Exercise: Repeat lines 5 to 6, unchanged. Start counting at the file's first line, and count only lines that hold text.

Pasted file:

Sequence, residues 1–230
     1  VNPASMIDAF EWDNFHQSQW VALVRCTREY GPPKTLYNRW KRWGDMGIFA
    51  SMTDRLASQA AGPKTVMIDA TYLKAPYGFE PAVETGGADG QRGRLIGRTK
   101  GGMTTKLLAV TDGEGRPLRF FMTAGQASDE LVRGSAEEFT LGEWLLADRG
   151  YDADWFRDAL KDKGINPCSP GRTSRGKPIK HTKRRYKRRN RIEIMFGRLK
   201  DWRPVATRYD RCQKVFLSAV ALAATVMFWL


   151  YDADWFRDAL KDKGINPCSP GRTSRGKPIK HTKRRYKRRN RIEIMFGRLK
   201  DWRPVATRYD RCQKVFLSAV ALAATVMFWL